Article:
Light is the most important element in photography. The subject has to be lit well to give it the three dimensional feel and most importantly to enhance the mood if that’s what you as a photographer wish to achieve. I love dramatic lighting and that’s how I light my subjects.
Basic lighting for a portrait is to position the main light to the right side of the camera pointing downwards from the model’s face. At this stage look at how the light falls on your subject – look out for shadows under the nose and under the lips.
You can add a fill-in light on the other side of the face at a lower power to fill-in the shadows.
However I have just used one light on the below photograph, the main light is positioned approximately 40 degree from the camera.
Lighting diagram for the above image:
Below is the lighting diagram for the next image that I took. The camera and the model both remain at the same position. I have only changed the angle of light in order to achieve the desired look.
Lighting diagram 2
The model is looking towards the light, with her head slightly down, so the hair also catches the light. The main light is positioned at approximately 45 to 55 degree from the camera. The light stand has been moved slightly higher in order for the hair to catch the highlights.
The final image and the setting that I used: - F-stop f6.3, Exposure time 1/60, ISO 320.
Take sharper photos by:
* holding the camera steady;
* using a tripod where necessary, i.e. long exposure and low light conditions
* controlling your exposure settings by using Aperture, shutter and ISO settings
It is possible to take good flower photographs with a compact camera also and not just with a SLR.
Compact cameras often do not have interchangeable lenses like SLRs, but the macro and zoom facilities on most compact cameras will allow photographing subjects in close-up as well as distant.
The first step is to know your camera; it is your greatest tool in creating your master piece. It is also advisable to read the camera manual to familiarise yourself with its basic and advanced functions.
I have often been told by novice/beginner photographers that the manuals tend to be complicated with terminology that tends to be alien to them. My advice to them is to start with the basic controls such as ‘Program Mode’, then move to the advanced features as ‘Aperture/Shutter Priority’, bracketing and others that may be unique to their camera.
Every compact camera should enable you to have some control over the aperture, shutter speed, the ISO, exposure compensation (+/-) and finally focusing. Some compact cameras will allow the user to take full control over the focusing using the ‘manual’ mode.
Here are a few tips to keep in mind when photographing flowers.
The main control on a compact camera for close-up photography is the “Macro” button (often with the symbol of a flower). This enables you to focus closer to the subject and also blurs the background, keeping the flower sharp. The camera automatically sets the aperture and the shutter for you, so you don’t have to worry about the exposure, allowing you to just focus and press the shutter release.
Now I will briefly touch on the Aperture Priority (AV) mode. When in this mode, the camera will set the shutter speed to give you the right exposure. This mode is very useful as it allows the user to determine what part of the subject and background to keep in focus and what to blur by choosing the desired aperture. In close-up photography, it if often advisable to blur the background, as it draws the eye on the main subject when viewing the final photograph, therefore having an out of focus background is not considered bad.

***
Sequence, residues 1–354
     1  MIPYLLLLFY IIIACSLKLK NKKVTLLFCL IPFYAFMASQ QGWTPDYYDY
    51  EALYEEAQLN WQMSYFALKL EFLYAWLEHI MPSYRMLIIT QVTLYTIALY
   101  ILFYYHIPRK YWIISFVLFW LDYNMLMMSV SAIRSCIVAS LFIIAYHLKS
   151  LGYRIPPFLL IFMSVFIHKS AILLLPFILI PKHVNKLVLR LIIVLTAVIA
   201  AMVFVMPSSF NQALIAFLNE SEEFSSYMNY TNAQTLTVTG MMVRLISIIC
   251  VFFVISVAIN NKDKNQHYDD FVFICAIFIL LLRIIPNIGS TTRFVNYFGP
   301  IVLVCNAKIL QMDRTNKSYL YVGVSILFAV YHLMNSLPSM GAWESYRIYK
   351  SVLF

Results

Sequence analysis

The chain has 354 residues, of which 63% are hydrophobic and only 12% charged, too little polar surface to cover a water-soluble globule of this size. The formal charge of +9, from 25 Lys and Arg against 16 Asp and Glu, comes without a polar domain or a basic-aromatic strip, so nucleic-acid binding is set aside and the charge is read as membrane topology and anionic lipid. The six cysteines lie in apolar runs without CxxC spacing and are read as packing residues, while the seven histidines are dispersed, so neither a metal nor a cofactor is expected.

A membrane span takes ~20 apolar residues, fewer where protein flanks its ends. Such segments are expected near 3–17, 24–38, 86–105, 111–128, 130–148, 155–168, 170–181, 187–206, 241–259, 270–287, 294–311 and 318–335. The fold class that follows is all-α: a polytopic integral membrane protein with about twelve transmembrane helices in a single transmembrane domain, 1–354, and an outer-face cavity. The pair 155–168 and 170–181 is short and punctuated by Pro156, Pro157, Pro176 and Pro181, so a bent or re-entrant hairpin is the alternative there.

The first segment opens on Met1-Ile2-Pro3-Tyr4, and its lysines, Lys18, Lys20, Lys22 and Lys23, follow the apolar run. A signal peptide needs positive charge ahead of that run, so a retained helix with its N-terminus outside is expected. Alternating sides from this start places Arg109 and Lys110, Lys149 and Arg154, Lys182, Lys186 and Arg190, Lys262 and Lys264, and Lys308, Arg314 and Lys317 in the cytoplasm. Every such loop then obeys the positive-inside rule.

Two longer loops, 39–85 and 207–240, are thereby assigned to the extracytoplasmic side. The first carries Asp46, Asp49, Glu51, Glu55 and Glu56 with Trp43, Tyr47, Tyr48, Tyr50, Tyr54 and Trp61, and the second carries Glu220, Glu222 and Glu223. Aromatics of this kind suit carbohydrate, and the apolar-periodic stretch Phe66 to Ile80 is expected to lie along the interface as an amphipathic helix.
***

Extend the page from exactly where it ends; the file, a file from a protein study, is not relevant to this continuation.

When the camera is set to Aperture Priority, if the lowest ‘f’ number is selected, then the area nearest to the focus point will be in focus and the remaining picture will be out of focus. When the highest ‘f’ number is selected, the focus point and the area before and after the point is all in focus. If ‘f’ numbers between the lowest and highest is selected, then through practice and experience you can determine what to keep in focus and what to blur.
Red & Yellow tulips
As well as the aperture mode, the Shutter mode (TV) is also important. This mode can be used when you are unsure of what aperture to choose and its great for capturing movement in the flowers caused by any wind.
Selecting a slow shutter speed of 1/30 or 1/15 will capture the movement in the leaves on the trees and flowers creating a ‘ghostly’ effect, whilst shutter speed of 1/60 or above will freeze the movement without blur.
I hope this very brief insight into flower photography assists you in your photography.
Exposure: due to low light, exposures will be long ranging from 10 seconds to 90 seconds. Use a tripod to avoid camera shake, or alternatively change the ISO on your camera to 800 or higher to minimise camera shake.
Use Aperture Priority mode or Manual mode on cameras. Cameras which do not have the Aperture Priority or Manual mode will often allow selecting different scene settings, such as ‘dusk/dawn’, ‘nightlight’ or ‘sunset’ modes. Please choose which suits you and your camera best.
Below image photographed using a compact camera set on 'Night mode'
It is very easy to take photographs of smoke; I have provided the following tips as a guide to create stunning images. For this project, I have used my DSLR with off camera flashes and also a small compact camera with its built-in flash.
Compact Camera or SLR with manual focus
Off camera or 'built-in' flash
Plate to catch all the hot ash from the incense sticks
Black velvet or similar material ( a black card will also work if you don't have any material)
Black card or paper to block (flag) unwanted the light
Important: Photograph indoor in a well-ventilated room (not to breezy) to avoid smoke build-up. When working with smoke, you must take regular breaks as the smoke will begin to accumulate in the room which can be a health hazard.
Setting up the shoot
I have used a DSLR for the following shots. Pin the black backdrop on the wall or alternatively as I did, rest it on the sofa.
The off camera flash is loosely wrapped at the head with black paper. This avoids the light to fall back on the backdrop and also this keeps it directed on the smoke.
The incense stick is placed between the camera and the backdrop. I hand held my camera for better flexibility, but if you wish to use a tripod, by all means do so. As I will be using a fast shutter speed, I can get away without using a tripod.
Camera settings (fully Manual on SLR):
Set your camera on Manual mode.
Set shutter at 1/125 or 1/250, this is a common setting that will sync with your flash.
Set aperture on f8 or smaller like f16 or f22. This will maximise the depth-of-field.
Set ISO on 100 or 200
Use Manual focus as the auto-focus function may struggle to latch onto the smoke.
(Tip to assist focusing. Place an object behind the incense stick and make sure it is touching it, manually focus on the object, then remove it when it is in focus).